# Cramer-Rao and Efficient Estimators

Let $X_1,X_2,X_3,...,X_n$ be a random sample from the exponential distribution having PDF $f(x;\lambda)= \frac{1}{\lambda}e^\frac{-x}{\lambda}\chi\{x>0\}.$

A) Find the Cramer-Rao lower bound for the variance of unbiased estimators for $\theta = \lambda^2$,

B)Determine k so that $W=k\sum\limits_{i=1}^n X^2_i$ is unbiased for $\theta$. Is W an efficient estimator for $\theta?$ (Recall:$E(X^2_i)= 2\lambda^2$ and $E(X^4_i)=24\lambda^4.)$

This is a homework problem, The notes in class and book only cover C.R.L.B for $f_Y(x;\lambda)$ and comparing it to variance of a given estimator which I understand. I don't see the connection though for using it on the variance of unbiased estimators. Is it just different terminology for the same thing or what is it that i'm missing? Can some one help me get started in the right direction?

Every online source seems to reference Fisher information, haven't cover Fisher yet.

• So i found $\lambda_{MLE}$ then used invariance property(don't really understand this) to find $\lambda^2_{MLE} = \bar{x}^2.$ From there used another formula I found online to get $CRLB(\lambda^2) = \frac{[\frac{d}{d\lambda} \lambda^2]^2}{E[\frac{d}{d\lambda} lnf(x;\lambda)]^2} = \frac{4\lambda^8}{n}.$ That might be right for A) but I hate that I don't think I learned anything. Can someone please tell me if it's right and if so explain what happened? Feb 18, 2015 at 9:20
• The derivation for the Cramer-Rao lower bound is quite standard. You can likely look up the corresponding results from your course's references. Feb 18, 2015 at 9:29
• The connection that I didn't make is that $\lambda = \sqrt{\theta}$ and that we then find the CRLB of exponential distribution having pdf $f(x;\sqrt{\theta})$. From there I would of been able to use the Cramer-Rao as I know it. Feb 18, 2015 at 19:02

Define $$I(\lambda)\equiv E\left(\left[\frac{\partial\log l(\boldsymbol{X};\lambda)}{\partial\lambda}\right]^2\right)$$ where $l(\boldsymbol{X};\lambda)$ denotes the joint likelihood: $$l(\boldsymbol{X};\lambda)=\prod_i\frac{1}{\lambda}\exp(-X_i/\lambda)=\frac{1}{\lambda^n}\exp\left(-\sum_iX_i/\lambda\right)\implies\log l(\boldsymbol{X};\lambda)=-\frac{S_n}{\lambda}-n\log(\lambda).$$ Here $S_n\equiv\sum_iX_i$. With this, you can compute: $$\left[\frac{\partial\log l(\boldsymbol{X};\lambda)}{\partial\lambda}\right]^2=\left(\frac{S_n}{\lambda^2}-\frac{n}{\lambda}\right)^2=\frac{1}{\lambda^4}(S_n^2-2\lambda n S_n+\lambda^2n^2).$$ Because of independent sampling, $$E\left[\left(\sum_iX_i\right)^2\right]=n E(X_i^2)+(n^2-n)E(X_i)^2=n(2\lambda^2)+(n^2-n)\lambda^2=(n^2+n)\lambda^2,\\ E\left(\sum_iX_i\right)=n E(X_i)=n\lambda.$$ It follows that $$E\left(\left[\frac{\partial\log l(\boldsymbol{X};\lambda)}{\partial\lambda}\right]^2\right)=\frac{1}{\lambda^2}(n^2+n-2n^2+n^2)=\frac{n}{\lambda^2}\cdot$$ This $I$ that we have computed is called the Fisher information for $\lambda$ for the joint likelihood $l(\boldsymbol{x};\lambda)$. Now the Cramer-Rao lower bound (aka the Frechet-Darmois-Cramer-Rao lower bound) for estimating $g(\lambda)=\lambda^2$ is given by: $$\frac{[g'(\lambda)]^2}{I(\lambda)}=\boxed{\frac{4\lambda^4}{n}}.$$ This completes (a). For (b), note that $E(X_i^2)=2\lambda^2$ so $k=\frac{1}{2n}$ makes $W=k\sum_iX_i^2$ unbiased for $\theta=\lambda^2$. We compute: $$E(W^2)=k^2E\left[\left(\sum_iX_i^2\right)^2\right]=k^2(nE[X_i^4]+(n^2-n)E(X_i^2)^2)=\lambda^4\left(1+\frac{5}{n}\right)\cdot$$ This implies $$\text{Var}(W)=E(W^2)-E(W)^2=\frac{5\lambda^4}{n}>\frac{4\lambda^4}{n}.$$ The last inequality means $W$ is inefficient for $\lambda^2$.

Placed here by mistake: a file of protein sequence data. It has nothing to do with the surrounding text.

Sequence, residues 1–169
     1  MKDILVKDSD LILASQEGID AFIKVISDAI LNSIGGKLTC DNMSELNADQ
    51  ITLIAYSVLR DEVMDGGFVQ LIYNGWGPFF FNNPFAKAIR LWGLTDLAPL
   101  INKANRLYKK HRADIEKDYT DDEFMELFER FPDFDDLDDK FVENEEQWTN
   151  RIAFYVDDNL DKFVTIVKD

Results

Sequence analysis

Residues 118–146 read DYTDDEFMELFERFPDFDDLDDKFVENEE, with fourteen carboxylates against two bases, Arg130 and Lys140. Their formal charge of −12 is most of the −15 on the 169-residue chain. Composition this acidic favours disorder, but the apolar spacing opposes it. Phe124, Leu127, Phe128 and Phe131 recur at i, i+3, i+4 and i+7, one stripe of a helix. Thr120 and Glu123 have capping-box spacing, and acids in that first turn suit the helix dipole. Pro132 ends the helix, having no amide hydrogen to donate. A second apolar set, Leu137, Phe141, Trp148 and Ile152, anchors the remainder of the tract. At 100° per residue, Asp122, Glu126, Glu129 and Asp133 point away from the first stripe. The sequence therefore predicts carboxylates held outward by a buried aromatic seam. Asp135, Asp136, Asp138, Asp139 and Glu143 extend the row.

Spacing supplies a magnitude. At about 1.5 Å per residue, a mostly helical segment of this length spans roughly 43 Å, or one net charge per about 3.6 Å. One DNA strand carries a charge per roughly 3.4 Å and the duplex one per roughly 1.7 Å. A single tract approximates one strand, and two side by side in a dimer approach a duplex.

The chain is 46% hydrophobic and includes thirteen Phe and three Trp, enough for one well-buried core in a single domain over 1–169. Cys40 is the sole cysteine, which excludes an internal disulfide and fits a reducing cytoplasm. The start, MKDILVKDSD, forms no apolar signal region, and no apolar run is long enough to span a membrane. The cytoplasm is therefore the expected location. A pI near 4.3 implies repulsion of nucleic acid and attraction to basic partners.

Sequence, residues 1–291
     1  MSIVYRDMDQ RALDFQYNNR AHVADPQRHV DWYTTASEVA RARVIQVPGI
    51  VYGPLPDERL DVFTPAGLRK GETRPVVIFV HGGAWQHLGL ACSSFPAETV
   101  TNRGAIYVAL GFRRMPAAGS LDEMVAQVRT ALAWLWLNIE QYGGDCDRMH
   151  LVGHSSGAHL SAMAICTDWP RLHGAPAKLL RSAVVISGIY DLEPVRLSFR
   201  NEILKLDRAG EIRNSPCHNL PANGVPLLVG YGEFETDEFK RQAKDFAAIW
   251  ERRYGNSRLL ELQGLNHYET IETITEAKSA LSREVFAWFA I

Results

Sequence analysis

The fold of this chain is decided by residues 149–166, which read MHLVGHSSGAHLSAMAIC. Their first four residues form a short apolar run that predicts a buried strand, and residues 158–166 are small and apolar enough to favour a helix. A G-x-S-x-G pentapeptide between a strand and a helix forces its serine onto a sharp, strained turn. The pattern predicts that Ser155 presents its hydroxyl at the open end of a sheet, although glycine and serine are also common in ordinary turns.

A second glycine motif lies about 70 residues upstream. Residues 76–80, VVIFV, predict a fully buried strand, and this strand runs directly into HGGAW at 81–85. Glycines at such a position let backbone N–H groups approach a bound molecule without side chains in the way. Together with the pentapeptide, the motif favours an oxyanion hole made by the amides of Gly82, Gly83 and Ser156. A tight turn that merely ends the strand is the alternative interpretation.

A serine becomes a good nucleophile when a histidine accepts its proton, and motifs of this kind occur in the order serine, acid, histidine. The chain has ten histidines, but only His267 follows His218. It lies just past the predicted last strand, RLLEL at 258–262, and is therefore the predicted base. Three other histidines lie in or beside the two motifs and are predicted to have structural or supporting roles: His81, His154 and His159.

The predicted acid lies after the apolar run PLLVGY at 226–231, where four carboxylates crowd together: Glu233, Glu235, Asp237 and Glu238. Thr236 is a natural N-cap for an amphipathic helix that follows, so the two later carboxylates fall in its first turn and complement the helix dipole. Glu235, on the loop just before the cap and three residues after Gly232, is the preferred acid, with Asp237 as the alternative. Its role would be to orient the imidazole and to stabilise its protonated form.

• (a) The Fisher information for $\lambda$ for the joint likelihood is $n$ times the Fisher information for $\lambda$ for the individual likelihood. The latter is easier to compute.
• (b) In fact, a general result implies that only affine transformations of $\lambda$ can be estimated efficiently. Because $\lambda\mapsto\lambda^2$ is not affine, you can conclude without any computation that $W$ with $k=1/(2n)$ is unbiased but inefficient for $\lambda^2$.
• The Fisher information is part of the computation for the CRLB but they are not the same. Even when the function $g$ above is the identity function, the CRLB is the reciprocal of the Fisher information. If you only know the formula for estimating a parameter directly instead of estimating a function of the parameter, I suggest you do the same approach above but in terms of $\theta$ by first substituting in $\lambda=\sqrt{\theta}$. Feb 18, 2015 at 10:17